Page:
Proteins are essential to every part of the human body. Bones, muscles, skin, and nearly every vital organ or tissue contain them.
The body needs protein to function and survive and must get it through food. However, the body cannot store protein long term for future use, so people need to consume enough protein every day to ensure the body gets enough to work correctly.
- Protein is one of three macronutrients used by the body for energy .These macronutrients include protein, carbs and fats.
- Protein is a series of amino acids linked together like a chain. The links that hold these amino acids together are known peptide links. Amino acids are primary source for nitrogen in the body.
- Three types of Amino Acids -
- Essential Amino acids - Which must get through your diet
- Non - essential amino acids - Our bodies produce such amino acids
- Conditional acid - This is essential under special circumstances like illness
Function of protein
- Reduces Appetite and Hunger Levels
The three macronutrients — fats, carbs, and protein — affect your body in different ways. Studies show that protein is by far the most filling. It helps you feel more full — with less food.
This is partly because protein reduces your level of the hunger hormone ghrelin. It also boosts the levels of peptide YY, a hormone that makes you feel full.
- Weight loss
- Consuming a good amount of protein is beneficial for maintaining your weight as it keeps you fuller for longer and reduces craving.
- Keeping protein intake high can also help prevent muscle loss during weight loss.
Although the lifestyle change is an important requirement during your weight loss journey, studies show that controlled calorie intake associated with moderately high protein intake can be effective and a practical weight loss strategy.
- Boosts metabolism and Increases Fat Burning
- Eating can boost your metabolism for a short while. That’s because your body uses calories to digest and make use of the nutrients in foods. This is referred to as the thermic effect of food (TEF).
- If you are trying to lose a little belly fat, consider replacing your carbs & fats with protein in daily meals or snacks.
- Antibodies are proteins in your blood that help protect your body from harmful invaders like bacteria and viruses
However, not all foods are the same in this regard. In fact, protein has a much higher thermic effect than fat or carbs — 20–35% compared to 5–15%
- Muscle recovery and growth
- Not only does eating protein help to prevent muscle breakdown, but it can also help build & strength muscles.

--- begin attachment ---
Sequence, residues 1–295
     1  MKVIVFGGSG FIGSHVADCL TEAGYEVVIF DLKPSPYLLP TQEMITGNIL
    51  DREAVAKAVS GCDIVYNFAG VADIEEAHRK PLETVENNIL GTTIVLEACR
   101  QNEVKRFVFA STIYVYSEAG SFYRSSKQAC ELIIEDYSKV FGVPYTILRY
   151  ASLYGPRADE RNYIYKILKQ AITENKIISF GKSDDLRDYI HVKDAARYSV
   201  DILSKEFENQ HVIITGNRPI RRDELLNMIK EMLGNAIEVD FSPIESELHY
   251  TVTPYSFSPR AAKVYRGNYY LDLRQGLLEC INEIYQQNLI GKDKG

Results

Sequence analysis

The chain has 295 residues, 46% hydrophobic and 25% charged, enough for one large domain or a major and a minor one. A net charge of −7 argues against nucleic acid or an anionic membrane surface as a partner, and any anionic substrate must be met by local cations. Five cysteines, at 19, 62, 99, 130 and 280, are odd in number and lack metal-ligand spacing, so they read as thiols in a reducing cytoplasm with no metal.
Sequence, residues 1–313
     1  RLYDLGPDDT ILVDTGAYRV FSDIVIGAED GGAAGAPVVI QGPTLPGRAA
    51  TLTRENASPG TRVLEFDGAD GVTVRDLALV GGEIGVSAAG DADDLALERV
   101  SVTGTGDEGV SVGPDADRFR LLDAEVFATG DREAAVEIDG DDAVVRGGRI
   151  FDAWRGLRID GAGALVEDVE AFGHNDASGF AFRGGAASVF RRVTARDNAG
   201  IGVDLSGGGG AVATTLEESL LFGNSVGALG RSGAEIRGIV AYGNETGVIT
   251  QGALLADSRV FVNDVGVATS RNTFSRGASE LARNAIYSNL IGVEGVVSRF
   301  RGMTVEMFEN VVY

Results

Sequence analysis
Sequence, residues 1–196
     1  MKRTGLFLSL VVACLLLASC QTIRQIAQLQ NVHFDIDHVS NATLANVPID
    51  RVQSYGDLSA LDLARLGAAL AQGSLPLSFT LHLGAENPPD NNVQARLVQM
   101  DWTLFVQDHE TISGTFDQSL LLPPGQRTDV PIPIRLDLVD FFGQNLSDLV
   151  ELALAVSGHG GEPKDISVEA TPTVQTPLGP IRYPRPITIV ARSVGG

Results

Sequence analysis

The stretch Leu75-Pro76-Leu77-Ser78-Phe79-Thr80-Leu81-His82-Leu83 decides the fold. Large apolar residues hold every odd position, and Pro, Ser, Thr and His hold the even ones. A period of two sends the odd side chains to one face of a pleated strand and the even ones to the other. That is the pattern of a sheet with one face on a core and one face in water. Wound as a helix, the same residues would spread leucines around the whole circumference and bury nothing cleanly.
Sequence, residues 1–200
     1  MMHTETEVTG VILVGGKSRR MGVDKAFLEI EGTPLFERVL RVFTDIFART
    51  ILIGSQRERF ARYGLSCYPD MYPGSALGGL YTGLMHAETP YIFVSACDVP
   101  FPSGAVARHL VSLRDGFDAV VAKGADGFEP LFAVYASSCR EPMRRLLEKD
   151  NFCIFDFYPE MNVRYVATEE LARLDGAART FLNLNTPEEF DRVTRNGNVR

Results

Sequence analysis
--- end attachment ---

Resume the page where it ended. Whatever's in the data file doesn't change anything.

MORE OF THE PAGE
- If you’re physically active, lifting weights, or trying to gain muscle, you need to make sure you’re getting enough protein.
- Protein is the building block of muscles, eating adequate amount of protein helps maintain your muscle mass and prevents muscle wasting.
- Athletes & individuals with more muscle need to eat larger amount of protein daily to maintain their higher muscle mass.
- Provides Structure
- Some proteins are fibrous and provide cells and tissues with stiffness and rigidity.
- People who eat more protein tend to maintain bone mass better as they age and have a much lower risk of osteoporosis and fractures.
- This is especially important for women, who are at high risk of osteoporosis after menopause. Eating plenty of protein and staying active is a good way to help prevent that from happening.
- These proteins include keratin, collagen & elastin, which help form the connective framework of certain structures in your body.
- Keratin is a structural protein that is found in your skin, hair and nails.
- Reduces Cravings and Desire for Late-Night Snacking
A food craving is different from normal hunger. It is not just about your body needing energy or but your brain needing a reward. Yet, cravings can be incredibly hard to control. The best way to overcome them may be to prevent them from occurring in the first place. One of the best prevention methods is to increase your protein intake.
- Lowers Your Blood Pressure
High blood pressure is a major cause of heart attacks, strokes, and chronic kidney disease. Interestingly, higher protein intake has been shown to lower blood pressure. As per various studies, in addition to lowering blood pressure, a high-protein diet also reduced bad cholesterol and triglycerides.
- Helps You Stay Fit
One of the consequences of aging is that your muscles gradually weaken. The most severe cases are referred to as age-related sarcopenia, which is one of the main causes of frailty, bone fractures, and reduced quality of life among older adults. Eating more protein is one of the best ways to reduce age-related muscle deterioration.
How Much Protein Should You Consume and How Often?
So now that we’ve covered the many benefits of protein, let’s talk about how much you need.
If you’re a moderately active adult, we recommend between 0.8grams - 1.2grams of protein per kg of body weight. If you’re regularly doing resistance training, you’ll want between 1.4grams – 1.7grams of protein per kg of body weight.